1 & 2 Peter
Lesson 12: 2 Peter 3
As we conclude Peter’s second letter, take some time to read it completely through in one sitting. Pay attention to the major theme that permeates throughout. Also, look for Peter’s admonitions to his audience. What are we specifically commanded to do and how will this help us stand firm against false teaching?
At the beginning of this chapter we can see Peter issuing his final plea with his Christian brothers and sisters. Remember, he knows that his death is imminent and is probably aware that this is the last chance he has to communicate with them. He says that he is trying to “stir up” (DIEGEIRO) or awaken their minds (Arndt). In other words, he wants to make absolutely certain that they are paying attention to what is going on around them.
Peter tells his readers that there will be people who mock the truth “in the last days.” This phrase is a reference to the Christian dispensation. We, as well as Peter’s primary audience, are living in this era.
The word Peter uses for lust here is EPITHYMIA and is not inherently a negative term. It refers to a great desire for something (Arndt). This becomes a negative idea when the person is lead entirely by their own desires. These people were mocking God because of their own selfishness. They completely denied the idea of Christ’s return and a day of judgment.
Peter tells us that these mockers are willfully ignorant of the fact that God is the one who created the earth and flooded it with water. He warns that the earth now is being reserved for destruction by fire. It is then that the judgment will take place.
Often we get so caught up in our own universe that we forget the fact that God doesn’t operate by our rules. Time for the Lord is something completely different than it is for us, something our human brains have trouble grasping. Eternity has no measurement, nor does it need one. We must not attempt to judge God’s timeline with human eyes.
Instead of looking at the fact that Christ has not returned yet as a negative, Peter wants them to see God’s great mercy in the situation.
It seems as if Peter is reminding them of some thoughts from his first letter. He wants them to be ever mindful of setting their behavior apart. They are to be constantly acting in a godly way, eagerly awaiting Christ’s return because they know it will mean a new home in heaven!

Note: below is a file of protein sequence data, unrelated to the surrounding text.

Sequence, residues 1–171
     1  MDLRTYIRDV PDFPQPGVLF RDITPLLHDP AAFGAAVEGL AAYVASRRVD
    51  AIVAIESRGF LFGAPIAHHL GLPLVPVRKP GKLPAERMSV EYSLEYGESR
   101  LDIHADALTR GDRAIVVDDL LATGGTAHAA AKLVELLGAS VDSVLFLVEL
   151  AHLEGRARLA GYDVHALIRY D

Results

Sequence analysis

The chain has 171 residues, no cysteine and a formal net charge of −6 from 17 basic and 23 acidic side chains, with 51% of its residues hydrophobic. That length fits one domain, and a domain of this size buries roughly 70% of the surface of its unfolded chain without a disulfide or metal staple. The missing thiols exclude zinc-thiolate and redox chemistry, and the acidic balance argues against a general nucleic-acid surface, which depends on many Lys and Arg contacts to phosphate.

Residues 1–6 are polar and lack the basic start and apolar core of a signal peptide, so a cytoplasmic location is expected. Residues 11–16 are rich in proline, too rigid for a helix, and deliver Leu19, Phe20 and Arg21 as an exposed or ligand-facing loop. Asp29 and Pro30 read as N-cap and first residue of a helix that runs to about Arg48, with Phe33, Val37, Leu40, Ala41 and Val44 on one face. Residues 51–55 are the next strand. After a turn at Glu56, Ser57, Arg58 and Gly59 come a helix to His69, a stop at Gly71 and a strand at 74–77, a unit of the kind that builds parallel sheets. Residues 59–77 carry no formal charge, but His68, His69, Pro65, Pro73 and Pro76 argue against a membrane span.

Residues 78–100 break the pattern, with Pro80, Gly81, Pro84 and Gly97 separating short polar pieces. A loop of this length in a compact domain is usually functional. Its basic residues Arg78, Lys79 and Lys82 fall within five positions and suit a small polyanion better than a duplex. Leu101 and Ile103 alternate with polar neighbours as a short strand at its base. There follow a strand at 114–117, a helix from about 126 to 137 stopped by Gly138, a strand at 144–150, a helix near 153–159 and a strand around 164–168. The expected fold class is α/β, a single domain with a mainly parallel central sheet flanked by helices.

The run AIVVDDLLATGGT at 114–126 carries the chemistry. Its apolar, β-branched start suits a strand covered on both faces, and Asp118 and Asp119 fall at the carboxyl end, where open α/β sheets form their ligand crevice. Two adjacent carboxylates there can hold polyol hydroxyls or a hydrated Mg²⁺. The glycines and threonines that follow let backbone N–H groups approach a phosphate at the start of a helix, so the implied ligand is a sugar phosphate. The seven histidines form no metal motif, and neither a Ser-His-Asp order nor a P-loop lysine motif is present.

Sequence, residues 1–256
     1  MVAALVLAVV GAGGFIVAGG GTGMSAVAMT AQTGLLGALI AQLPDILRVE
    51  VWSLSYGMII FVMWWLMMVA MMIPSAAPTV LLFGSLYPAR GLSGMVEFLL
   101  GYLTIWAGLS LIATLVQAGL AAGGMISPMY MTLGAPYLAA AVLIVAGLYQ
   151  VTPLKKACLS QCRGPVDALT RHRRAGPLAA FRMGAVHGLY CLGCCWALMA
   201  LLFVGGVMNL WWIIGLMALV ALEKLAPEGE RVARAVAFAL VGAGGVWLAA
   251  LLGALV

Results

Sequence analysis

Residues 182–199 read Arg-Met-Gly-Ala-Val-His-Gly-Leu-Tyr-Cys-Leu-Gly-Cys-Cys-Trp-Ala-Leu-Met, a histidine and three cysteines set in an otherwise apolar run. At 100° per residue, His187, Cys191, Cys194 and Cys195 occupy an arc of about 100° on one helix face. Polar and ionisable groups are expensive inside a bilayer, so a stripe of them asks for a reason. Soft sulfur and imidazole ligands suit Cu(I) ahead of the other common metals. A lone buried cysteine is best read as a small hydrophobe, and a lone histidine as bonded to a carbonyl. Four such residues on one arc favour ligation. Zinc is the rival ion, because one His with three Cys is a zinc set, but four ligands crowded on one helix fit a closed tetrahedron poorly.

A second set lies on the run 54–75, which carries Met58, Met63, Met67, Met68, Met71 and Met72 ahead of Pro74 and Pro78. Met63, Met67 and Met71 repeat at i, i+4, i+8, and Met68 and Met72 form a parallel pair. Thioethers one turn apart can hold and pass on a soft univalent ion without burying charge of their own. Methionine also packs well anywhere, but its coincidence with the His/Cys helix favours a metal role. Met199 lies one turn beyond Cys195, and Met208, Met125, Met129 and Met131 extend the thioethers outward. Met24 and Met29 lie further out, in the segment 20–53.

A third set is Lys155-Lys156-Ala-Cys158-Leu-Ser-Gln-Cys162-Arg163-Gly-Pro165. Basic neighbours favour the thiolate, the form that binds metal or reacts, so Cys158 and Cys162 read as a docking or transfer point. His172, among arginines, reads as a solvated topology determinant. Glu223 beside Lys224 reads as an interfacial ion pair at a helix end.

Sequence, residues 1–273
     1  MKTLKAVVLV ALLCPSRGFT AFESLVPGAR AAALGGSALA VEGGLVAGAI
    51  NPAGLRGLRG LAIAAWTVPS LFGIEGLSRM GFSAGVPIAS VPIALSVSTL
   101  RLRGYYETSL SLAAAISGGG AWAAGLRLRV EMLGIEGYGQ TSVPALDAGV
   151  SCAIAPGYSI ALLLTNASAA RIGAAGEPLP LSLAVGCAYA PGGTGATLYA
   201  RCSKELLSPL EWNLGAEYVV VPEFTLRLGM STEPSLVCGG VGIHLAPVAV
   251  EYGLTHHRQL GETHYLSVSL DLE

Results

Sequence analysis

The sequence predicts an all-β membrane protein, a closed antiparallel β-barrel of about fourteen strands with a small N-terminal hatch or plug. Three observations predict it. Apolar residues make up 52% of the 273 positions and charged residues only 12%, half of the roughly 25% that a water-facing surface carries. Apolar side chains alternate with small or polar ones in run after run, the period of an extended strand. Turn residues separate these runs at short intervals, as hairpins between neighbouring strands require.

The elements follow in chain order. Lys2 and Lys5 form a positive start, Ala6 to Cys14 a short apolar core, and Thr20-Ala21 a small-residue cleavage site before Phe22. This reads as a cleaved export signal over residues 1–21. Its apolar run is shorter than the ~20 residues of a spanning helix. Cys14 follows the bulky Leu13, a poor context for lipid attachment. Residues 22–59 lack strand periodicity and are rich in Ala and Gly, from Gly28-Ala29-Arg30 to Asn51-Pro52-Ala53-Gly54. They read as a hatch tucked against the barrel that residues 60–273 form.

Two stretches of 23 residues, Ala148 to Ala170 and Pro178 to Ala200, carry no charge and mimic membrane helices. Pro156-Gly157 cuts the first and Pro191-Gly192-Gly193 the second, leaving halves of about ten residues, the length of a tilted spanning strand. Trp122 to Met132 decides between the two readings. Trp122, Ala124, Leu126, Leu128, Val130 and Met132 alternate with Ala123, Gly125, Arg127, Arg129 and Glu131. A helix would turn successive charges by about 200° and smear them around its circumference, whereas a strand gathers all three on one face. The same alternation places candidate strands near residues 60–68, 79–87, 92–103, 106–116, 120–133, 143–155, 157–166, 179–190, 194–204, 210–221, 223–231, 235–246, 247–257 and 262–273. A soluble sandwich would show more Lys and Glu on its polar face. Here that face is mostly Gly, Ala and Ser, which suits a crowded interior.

Peter urges his readers again to be diligent in their faith. We should be constantly striving to grow and mature in our spiritual walk. He wants us to be found “spotless and blameless” when Christ returns.
Both of these groups of people are twisting scriptures because of lack of knowledge. One group is ignorant or “untaught” and the other is “unstable” or weak in their convictions. When we fall into either group it is very easy to misunderstand scripture taken out of context or to follow a false teaching. Peter tells us that this is what was happening with some of the scripture.
- Romans 6:1-7
- Galatians 5:13
- James 2:14-26
As many coaches will tell you, “the best defense is a good offense.” That is the point Peter leaves us with. He wants us to be diligent in our Christian growth, never stagnant and we must constantly be on guard as we are threatened from the outside and from the inside. As you go about your week, make sure that you are filling your mind with things that will help you stand firm in your Christian faith so that you can look forward to Christ’s coming with great joy and anticipation!
Arndt, W., F.W. Danker and W. Bauer. A Greek-English Lexicon of the New Testament and Other Early Christian Literature (3rd edition). Chicago, IL: University of Chicago Press, 2000.
*Note: The author uses the New American Standard Update for all quotations and references.
By Kristy Huntsman
Kristy is CFYC’s Finer Grounds Editor and all-around right-hand-gal. She and her husband, Lance serve with the Southwest church of Christ in Ada, OK where Lance is the family minister. Kristy is a stay-at-home-mom to their two daughters Taylor and Makayla.